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Braking For Fish: The Story Of Amphibious Cars

We’ve all dreamed of driving our very own “Chitty Chitty Bang Bang,” but that thought has always been a fantasy. How could cars really fly and drive through water?

As the video below shows, driving in water is possible (sorry, no flying cars yet).

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The history of amphibious vehicles is an interesting one. Various sketches and proposals for amphibious vehicles, even including a horse-drawn carriage, date back to the 1700’s. During the tumultuous times of World War II, countries raced to create new technology to put them a step ahead of their enemies. One of the foremost technologies was the amphibious car.

magazine for amphibious cars

Creative Commons License, Flickr, John Lloyd

Several different types of amphibious cars were built and tested during that time, mainly for military use. After the war ended, there was a lingering interest in bringing amphibious cars to the public. Thus, the Amphicar was born. After being introduced at the 1959 Geneva Salon by inventor Hans Trippel, the Amphicar became popular with inquisitive drivers and went into mass production.

The Amphicar, being the only non-military amphibious vehicle available at the time, sold surprisingly well for being such an oddity. Over 3,700 cars were produced and sold in the next eight years of production. Marketed in both Europe and North America, the manufacturers invested heavily in the car’s production, shipping the majority of their stock to North America. Over 3,000 cars were shipped to the US, with a retail price of $2,900 each.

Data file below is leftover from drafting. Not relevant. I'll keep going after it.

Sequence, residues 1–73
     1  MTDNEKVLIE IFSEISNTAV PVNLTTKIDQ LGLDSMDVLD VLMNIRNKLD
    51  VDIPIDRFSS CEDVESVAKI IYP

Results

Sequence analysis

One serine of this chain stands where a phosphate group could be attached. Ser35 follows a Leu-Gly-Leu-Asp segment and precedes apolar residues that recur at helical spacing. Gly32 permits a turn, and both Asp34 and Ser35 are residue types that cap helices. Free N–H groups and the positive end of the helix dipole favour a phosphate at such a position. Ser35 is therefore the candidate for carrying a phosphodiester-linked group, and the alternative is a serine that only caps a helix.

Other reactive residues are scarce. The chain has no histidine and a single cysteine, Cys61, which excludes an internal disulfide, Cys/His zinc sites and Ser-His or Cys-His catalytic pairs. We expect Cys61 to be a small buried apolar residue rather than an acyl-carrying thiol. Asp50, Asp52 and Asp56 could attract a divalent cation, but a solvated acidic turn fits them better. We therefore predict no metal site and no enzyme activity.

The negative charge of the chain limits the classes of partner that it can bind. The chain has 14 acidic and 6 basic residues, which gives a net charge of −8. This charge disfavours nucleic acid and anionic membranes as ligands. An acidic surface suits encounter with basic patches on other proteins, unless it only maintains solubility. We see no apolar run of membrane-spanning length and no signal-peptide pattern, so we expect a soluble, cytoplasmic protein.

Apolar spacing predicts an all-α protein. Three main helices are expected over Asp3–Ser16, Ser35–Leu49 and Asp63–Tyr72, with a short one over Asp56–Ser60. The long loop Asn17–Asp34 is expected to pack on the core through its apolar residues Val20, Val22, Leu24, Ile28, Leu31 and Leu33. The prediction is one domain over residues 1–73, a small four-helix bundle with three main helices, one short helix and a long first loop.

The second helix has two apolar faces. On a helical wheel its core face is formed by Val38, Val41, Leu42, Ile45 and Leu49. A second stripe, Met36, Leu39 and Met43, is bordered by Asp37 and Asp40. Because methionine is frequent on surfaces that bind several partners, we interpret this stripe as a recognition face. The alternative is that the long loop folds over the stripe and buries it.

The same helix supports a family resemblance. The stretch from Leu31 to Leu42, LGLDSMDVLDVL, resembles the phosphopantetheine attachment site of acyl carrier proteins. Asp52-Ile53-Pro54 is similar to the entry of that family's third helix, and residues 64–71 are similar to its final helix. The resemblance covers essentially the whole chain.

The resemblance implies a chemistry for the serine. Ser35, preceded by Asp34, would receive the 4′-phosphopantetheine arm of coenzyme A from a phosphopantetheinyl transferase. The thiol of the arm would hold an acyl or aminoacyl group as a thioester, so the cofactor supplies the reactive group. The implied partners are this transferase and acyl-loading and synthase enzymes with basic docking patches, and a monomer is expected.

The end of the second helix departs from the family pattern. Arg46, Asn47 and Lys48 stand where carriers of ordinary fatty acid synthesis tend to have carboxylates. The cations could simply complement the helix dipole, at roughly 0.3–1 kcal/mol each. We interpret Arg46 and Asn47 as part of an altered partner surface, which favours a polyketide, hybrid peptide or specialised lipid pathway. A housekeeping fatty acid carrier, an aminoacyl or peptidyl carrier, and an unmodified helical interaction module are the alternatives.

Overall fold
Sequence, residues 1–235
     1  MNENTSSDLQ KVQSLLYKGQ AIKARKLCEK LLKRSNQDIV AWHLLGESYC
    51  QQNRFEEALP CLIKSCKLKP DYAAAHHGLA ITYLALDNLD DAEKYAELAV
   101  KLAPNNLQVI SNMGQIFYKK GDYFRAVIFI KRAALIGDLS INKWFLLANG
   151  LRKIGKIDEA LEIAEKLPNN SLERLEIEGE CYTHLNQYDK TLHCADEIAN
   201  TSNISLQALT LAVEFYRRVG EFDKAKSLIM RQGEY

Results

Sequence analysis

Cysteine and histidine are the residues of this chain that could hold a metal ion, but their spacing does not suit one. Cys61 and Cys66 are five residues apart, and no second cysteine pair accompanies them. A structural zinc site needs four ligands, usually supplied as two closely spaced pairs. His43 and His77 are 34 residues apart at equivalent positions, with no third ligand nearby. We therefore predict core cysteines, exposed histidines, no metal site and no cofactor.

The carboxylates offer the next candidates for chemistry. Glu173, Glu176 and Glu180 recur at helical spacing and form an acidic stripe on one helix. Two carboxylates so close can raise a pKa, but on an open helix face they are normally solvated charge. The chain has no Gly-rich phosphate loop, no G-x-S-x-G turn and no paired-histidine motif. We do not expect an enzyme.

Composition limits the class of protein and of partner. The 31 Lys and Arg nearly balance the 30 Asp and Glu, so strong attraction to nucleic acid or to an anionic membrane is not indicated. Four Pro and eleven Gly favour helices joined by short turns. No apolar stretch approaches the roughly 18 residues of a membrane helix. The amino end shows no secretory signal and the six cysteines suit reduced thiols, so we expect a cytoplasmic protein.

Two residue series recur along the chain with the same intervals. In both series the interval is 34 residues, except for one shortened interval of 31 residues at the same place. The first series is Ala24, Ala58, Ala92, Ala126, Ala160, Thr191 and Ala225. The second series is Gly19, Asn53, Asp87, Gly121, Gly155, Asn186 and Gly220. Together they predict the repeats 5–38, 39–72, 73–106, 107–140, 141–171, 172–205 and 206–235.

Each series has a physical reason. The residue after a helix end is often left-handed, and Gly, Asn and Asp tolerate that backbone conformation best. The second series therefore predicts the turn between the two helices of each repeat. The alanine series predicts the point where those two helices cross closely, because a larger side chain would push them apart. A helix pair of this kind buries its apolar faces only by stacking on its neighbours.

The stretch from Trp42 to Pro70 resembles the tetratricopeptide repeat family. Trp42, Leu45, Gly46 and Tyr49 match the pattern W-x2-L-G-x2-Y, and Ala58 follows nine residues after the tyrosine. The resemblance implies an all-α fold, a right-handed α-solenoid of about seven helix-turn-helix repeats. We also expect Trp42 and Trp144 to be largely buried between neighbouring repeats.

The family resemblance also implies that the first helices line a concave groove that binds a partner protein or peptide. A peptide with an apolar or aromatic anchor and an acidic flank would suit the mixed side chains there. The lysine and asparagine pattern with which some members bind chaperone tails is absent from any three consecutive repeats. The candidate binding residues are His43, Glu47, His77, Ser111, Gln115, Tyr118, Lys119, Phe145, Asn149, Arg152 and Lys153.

amphib cars

License Creative Commons, Flickr, Andreas Levers

However, in 1968, the Environmental Protection Agency (EPA) and Department of Transportation (DOT) passed new regulations that hindered production and the use of Amphicars. The strange vehicle that once soared in popularity was almost totally forgotten.

License: Creative Commons, Flickr, Roger Wallstadt

However, in 1967, the prominent James Bond film series revived the idea of amphibious cars. In the film, The Spy Who Loved Me, the main character and protagonist, James Bond, drives an amphibious Lotus Esprit across the beach and straight into the sea. The movie’s popularity revived interest in amphibious vehicles, and collectors and car fans alike began searching for Amphicars in working condition.

License: Creative Commons, Flickr, Ellen MacDonald.

License: Creative Commons, Flickr, Ellen MacDonald.

With a renewed demand, modern companies started developing new ideas for amphibious cars, manufacturing small quantities of cars equipped for land and sea.

Gibbs Sports Amphibians built 50 amphibious cars – the Gibbs Aquada – in the early 2000’s. Unfortunately, the company that had been employed to manufacture the engine for the Aquada became unable to supply engines to continue production. Although Gibbs is not currently producing an amphibious car, they have successfully launched amphi-ATVs and a Quadski product.

License: Creative Commons from Flickr courtesy of Kate Skegg

Despite its halt in production, the Aquada is Gibbs’ pride and joy. The few models produced have been demonstrated several times. The car is capable of speeds over 100 mph on land, and can maintain about 30 mph on water. Powered by a 4.0L BMW N55 engine, the Aquada is designed with power in mind – performing impecably on both land and water.

In 2004, famous millionaire Richard Branson, Owner of the Virgin Group, test drove an Aquada on the English Channel. The crossing, which took 1 hour, 40 minutes, and 6 seconds, set a new record for crossing the body in an amphibious vehicle. The previous record of 6 hours was set in the late 1960’s, when it was crossed by an Amphicar.

Amphibious cars continue to be of interest to the public today, especially after Today ran a story about them last year. For now, it would be tough to find an amphibious car for sale, though you may be able to rent a ride in one. These curious vehicles seem relinquished to the past, but perhaps one day we will once again witness the rise of cars that can roam both land and sea.

Chris Turberville-Tully

Chris Turberville-Tully

When not traveling, Chris Turberville-Tully writes for HR Owen Aston Martin. Chris has visited over 80 countries and continues to drive, fly and sail around the world with his wife and kids. Follow Chris' adventures on Google+.

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